Business & Marketing

Supply and Demand

Supply and Demand is an economic model of price determination in a market. It concludes that in a competitive market, the unit price for a particular good will vary until it settles at a point where the quantity demanded by consumers will equal the quantity supplied by producers resulting in an economic equilibrium of price and quantity. This relationship between supply and demand can be seen in a plot of the classic supply-demand curve on the right. In its simplest terms; When prices go up, supply goes up and demand goes down. When prices go down, demand goes up and supply goes down. [1]

Definition: The law of supply and demand is a theory that explains the interaction between the sellers of a resource and the buyers for that resource.

What are the Supply and Demand Laws?

The Supply and Demand model has two “laws,”: the (1) Law of Demand and the (2) Law of Supply. These laws interact with each other to determine the market price and volume of goods.

(1) What is the Law of Demand?

The Law of Demand refers to the number of products people are willing to buy at different prices at a specific time. The law states that the higher the product price, the fewer people will demand the product.  As a consumer, the higher a product costs, the less the amount of the product the consumer will purchase. This means the opportunity cost of buying that product goes down. [2]

Factors that influence the supply are:

  • Consumer Preference
  • Influence
  • Number of Sellers
  • Taxes and Regulations

(2) What is the Law of Supply?

Supply refers to the quantities of products manufacturers or owners are willing to sell at different prices at a specific time.  The higher the price will result in the higher quantity supplied. As a seller, the opportunity cost of each product is higher, so they want to sell more, and producers want to produce more. [1]

Factors that influence the supply are:

  • Labor and Materials costs
  • Technology availability
  • Number of sellers
  • Capacity
  • Taxes and Regulations

Supply and Demand Outcomes

The four (4) basic outcomes of supply and demand are: [3]

  1. If demand increases and supply remains unchanged, a shortage occurs, leading to a higher equilibrium price.
  2. If demand decreases and supply remains unchanged, a surplus occurs, leading to a lower equilibrium price.
  3. If demand remains unchanged and supply increases, a surplus occurs, leading to a lower equilibrium price.
  4. If demand remains unchanged and supply decreases, a shortage occurs, leading to a higher equilibrium price.

What is Supply and Demand Equilibrium?

The market price is the intersection of the demand price and quantities of products manufactured, and the intersection is called the equilibrium price or Market Clearing Price. The equilibrium price is the price at which the producer can sell all the units he wants to produce, and the buyer can buy all the units he wants.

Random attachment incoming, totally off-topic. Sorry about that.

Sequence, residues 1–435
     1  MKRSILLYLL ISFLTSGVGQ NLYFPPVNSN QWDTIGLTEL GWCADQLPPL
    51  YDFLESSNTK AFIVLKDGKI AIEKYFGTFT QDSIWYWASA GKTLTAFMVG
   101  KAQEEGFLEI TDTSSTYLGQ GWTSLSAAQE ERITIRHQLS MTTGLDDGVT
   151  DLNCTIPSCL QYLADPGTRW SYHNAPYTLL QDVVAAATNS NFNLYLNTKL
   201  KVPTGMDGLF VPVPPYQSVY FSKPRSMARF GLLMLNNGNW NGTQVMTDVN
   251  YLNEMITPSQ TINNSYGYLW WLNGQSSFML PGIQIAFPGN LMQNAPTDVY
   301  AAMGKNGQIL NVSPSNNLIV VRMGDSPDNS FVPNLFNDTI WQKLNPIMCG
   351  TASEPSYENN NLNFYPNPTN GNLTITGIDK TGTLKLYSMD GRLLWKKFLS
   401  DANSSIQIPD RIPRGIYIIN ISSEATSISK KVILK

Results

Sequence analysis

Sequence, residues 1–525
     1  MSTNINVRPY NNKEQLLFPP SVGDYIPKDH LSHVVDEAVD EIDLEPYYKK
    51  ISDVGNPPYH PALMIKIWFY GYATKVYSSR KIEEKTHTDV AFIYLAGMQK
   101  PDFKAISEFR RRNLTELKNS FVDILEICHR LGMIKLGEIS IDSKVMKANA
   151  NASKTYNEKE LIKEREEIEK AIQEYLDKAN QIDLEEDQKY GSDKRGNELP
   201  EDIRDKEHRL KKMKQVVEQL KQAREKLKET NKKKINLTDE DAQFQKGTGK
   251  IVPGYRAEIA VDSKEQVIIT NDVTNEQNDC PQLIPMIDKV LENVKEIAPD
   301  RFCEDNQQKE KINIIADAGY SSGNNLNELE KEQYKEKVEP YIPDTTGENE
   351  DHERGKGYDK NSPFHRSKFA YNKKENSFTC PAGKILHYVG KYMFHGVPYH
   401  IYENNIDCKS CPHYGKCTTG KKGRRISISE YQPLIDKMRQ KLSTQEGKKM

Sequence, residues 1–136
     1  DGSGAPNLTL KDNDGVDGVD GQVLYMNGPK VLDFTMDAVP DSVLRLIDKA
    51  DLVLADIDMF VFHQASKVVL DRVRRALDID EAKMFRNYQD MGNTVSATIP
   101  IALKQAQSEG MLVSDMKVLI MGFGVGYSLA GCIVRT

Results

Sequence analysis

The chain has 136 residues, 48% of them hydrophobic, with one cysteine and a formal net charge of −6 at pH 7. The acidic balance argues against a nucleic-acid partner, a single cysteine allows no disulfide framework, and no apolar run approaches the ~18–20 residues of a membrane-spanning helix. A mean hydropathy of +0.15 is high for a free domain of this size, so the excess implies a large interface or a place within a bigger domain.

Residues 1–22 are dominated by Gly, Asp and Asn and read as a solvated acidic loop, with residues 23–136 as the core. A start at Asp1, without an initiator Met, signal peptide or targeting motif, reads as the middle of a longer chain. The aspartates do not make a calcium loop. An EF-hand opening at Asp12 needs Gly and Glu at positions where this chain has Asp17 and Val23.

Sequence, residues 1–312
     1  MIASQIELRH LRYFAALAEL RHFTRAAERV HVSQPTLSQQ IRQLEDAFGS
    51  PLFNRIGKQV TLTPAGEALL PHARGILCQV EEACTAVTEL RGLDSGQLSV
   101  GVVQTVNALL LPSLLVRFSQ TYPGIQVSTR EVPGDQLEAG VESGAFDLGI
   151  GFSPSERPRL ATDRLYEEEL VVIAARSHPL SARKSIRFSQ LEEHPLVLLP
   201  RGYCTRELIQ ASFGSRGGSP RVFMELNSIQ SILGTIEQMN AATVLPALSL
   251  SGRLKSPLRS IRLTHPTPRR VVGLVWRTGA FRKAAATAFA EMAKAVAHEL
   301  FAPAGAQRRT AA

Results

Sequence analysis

It is visualized on a chart at the intersection of the supply and demand curve. This intersection is the market price at which suppliers bring to market that same quantity of product that consumers will be willing to buy. They then say that Supply and Demand are in equilibrium.  [1]

Purpose of the Supply and Demand Theory

The purpose of the Supply and Demand theory is to help people, businesses, bankers, investors, entrepreneurs, economists, government, and others understand and predict conditions in the market for best optimization.

Factors that Affect Supply and Demand

Factors that affect supply: In industries where suppliers don’t want to lose money when product prices are lower than production costs, supply tends to go down toward zero. Price elasticity will also depend on the number of sellers, their total production capacity, how easily it can be lowered or raised, and how competitive the industry is. Taxes and regulations may matter as well.

Factors that affect demand: are how many people want to buy something. Some of the most important things that affect demand are consumer income, preferences, and willingness to switch from one product to another. Consumer preferences will depend, in part, on a product’s market penetration, since the marginal utility of goods diminishes as the quantity owned increases. The first house changes your life more than the fifth one you buy, and the table in your living room is more useful than the one in your garage.

What Is an Example of the Law of Supply and Demand?

A bread company wants to introduce a new french bread to its market at the best possible price. To ensure the lowest production price, the manufacturer gets bids from many suppliers to obtain the lowest possible price for manufacturing the new bread.  The lower the cost of the bread, the more profit the company can make if it determines the best price that sells the most quantity of bread. The equilibrium (Market Price) between the quantity of bread sold and the price should bring the most profit.

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Updated: 3/8/2023

Rank: G12.8

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